Rule No. 1 for new restaurant owners: Don't install a coat rack when you still have customers in your dining room, especially if it involves drilling and hammering. Even if it is 8 o'clock on a Sunday night, and even if there is only one table occupied. Someone at that table might be a restaurant critic.
It was too bad, because up to that point our dinner at the Indian Pavilion had gone very smoothly.
This is a fine new Indian restaurant and cocktail lounge in what would be a desolate location except for the University of Maryland complex nearby. It provides a steady stream of lunch customers, but nights are quiet. I suppose if the owners hold on till baseball season that will change -- although maybe Baltimoreans aren't quite ready to precede an Orioles game with lamb vindaloo.
Right now, though, you'll find plenty of free parking at dinner time, a normally quiet and pretty dining room, good food and excellent service (at least if you get our moonlighting dental student as your waiter).
With three levels done in pale pink and aqua, lots of glass and a staircase that looks as if it belongs on board a ship, the Indian Pavilion doesn't resemble your traditional Indian restaurant. But the food is authentic and not adulterated for sissy Western palates.
I happen to own one of those sissy Western palates; but I can still appreciate the tantalizing flavors of cardamom, cilantro, ginger and other spices I can't begin to identify. The kitchen blends flavors smoothly in a complex medley, so no one stands out. But individual sauces still taste quite different from one another.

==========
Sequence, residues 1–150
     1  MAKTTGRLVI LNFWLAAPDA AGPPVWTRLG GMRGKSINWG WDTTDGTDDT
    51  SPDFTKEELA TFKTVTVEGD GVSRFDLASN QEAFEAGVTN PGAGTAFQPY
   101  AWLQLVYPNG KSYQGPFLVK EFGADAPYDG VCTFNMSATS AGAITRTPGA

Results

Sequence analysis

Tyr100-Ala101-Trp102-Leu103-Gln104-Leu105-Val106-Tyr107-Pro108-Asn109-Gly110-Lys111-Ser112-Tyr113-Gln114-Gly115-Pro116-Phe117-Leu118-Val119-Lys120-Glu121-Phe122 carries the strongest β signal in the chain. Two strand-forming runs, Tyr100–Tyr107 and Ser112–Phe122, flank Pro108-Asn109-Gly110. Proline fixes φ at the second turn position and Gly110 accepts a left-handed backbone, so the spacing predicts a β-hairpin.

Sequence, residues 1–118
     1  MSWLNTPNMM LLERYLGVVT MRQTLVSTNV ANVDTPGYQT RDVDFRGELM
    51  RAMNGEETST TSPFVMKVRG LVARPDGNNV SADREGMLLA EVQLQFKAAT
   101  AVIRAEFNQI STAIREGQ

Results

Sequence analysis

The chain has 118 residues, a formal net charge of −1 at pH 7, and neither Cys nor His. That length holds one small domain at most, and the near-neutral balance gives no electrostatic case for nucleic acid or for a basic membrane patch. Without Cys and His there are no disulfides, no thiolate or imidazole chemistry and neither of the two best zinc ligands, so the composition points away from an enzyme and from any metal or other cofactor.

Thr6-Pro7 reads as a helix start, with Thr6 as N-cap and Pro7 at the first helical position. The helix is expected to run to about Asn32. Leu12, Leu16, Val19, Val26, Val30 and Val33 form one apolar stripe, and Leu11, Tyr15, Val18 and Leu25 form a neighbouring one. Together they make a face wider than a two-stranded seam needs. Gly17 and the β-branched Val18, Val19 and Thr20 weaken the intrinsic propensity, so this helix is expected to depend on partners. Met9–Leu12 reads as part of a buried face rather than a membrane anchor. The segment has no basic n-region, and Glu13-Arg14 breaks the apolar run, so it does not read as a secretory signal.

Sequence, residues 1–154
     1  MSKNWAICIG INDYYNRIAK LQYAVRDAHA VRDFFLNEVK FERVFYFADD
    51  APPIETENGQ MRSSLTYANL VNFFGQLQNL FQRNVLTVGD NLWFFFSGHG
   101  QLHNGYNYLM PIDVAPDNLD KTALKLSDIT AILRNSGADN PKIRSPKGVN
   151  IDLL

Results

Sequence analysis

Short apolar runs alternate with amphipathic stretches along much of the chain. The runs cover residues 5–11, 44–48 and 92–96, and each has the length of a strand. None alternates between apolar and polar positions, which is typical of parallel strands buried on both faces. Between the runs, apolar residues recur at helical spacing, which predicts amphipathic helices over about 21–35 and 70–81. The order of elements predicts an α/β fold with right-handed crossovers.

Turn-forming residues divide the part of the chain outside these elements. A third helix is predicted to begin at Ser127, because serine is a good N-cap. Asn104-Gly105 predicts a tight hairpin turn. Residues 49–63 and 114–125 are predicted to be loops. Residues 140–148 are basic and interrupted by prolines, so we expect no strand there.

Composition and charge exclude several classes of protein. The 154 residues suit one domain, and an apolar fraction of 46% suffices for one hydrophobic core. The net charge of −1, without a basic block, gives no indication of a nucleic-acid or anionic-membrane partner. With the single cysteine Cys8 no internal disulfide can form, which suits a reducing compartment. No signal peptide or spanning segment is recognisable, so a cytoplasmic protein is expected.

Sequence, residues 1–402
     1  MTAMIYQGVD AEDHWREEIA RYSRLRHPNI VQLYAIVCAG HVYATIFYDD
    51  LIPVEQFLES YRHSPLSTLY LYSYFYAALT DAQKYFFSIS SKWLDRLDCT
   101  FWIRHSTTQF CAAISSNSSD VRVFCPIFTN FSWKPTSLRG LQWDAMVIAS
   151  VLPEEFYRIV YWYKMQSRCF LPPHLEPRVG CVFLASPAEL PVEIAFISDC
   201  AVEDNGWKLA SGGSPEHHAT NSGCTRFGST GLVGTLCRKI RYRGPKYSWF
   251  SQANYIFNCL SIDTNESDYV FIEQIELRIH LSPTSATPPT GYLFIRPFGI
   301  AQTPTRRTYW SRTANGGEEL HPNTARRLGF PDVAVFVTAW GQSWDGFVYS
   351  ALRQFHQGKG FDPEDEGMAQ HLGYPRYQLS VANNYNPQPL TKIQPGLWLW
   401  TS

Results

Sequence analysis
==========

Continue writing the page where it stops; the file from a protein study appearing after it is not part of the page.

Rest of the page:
In the Indian Pavilion's butter chicken, for instance, smoky strips of boneless chicken grilled in the tandoor oven are sauced with fresh tomatoes and cream. It's more intensely tomato-y and less creamy than some versions, but very appealing.
You might balance it with the seductive pleasures of a dish called bharta, in which roasted eggplant is mashed to a smooth texture, sauteed with other vegetables and intriguingly spiced.
Seafood vindaloo has plenty of heat, but the chunks of fresh salmon, clams and shrimp can stand up to it. Fork-tender lamb with creamy spinach is moderately spiced enough to be a pleasing contrast (for those sharing dishes).
In fact, everything we tried -- from a smooth and assertively fiery mulligatawny (lentil) soup to the sweet carrot pudding for dessert -- was excellent.
The Indian Pavilion's only problem (other than the installation of the coat rack, and how often can that happen?) is that it is one more good Indian restaurant in a downtown full of good Indian restaurants.
I'm not sure if enough people will decide to go here rather than the Cafe Bombay, the Bombay Grill, Akbar, Mughal Garden or Banjara; and that's too bad. It's a nice little restaurant.
Where: 635 W. Pratt St.
Hours: Open every day for lunch and dinner
Prices: Appetizers: $2.95-$5.95, entrees: $6.95-$12.50; major credit cards
Call: (410) 752-5700
Pub Date: 12/15/96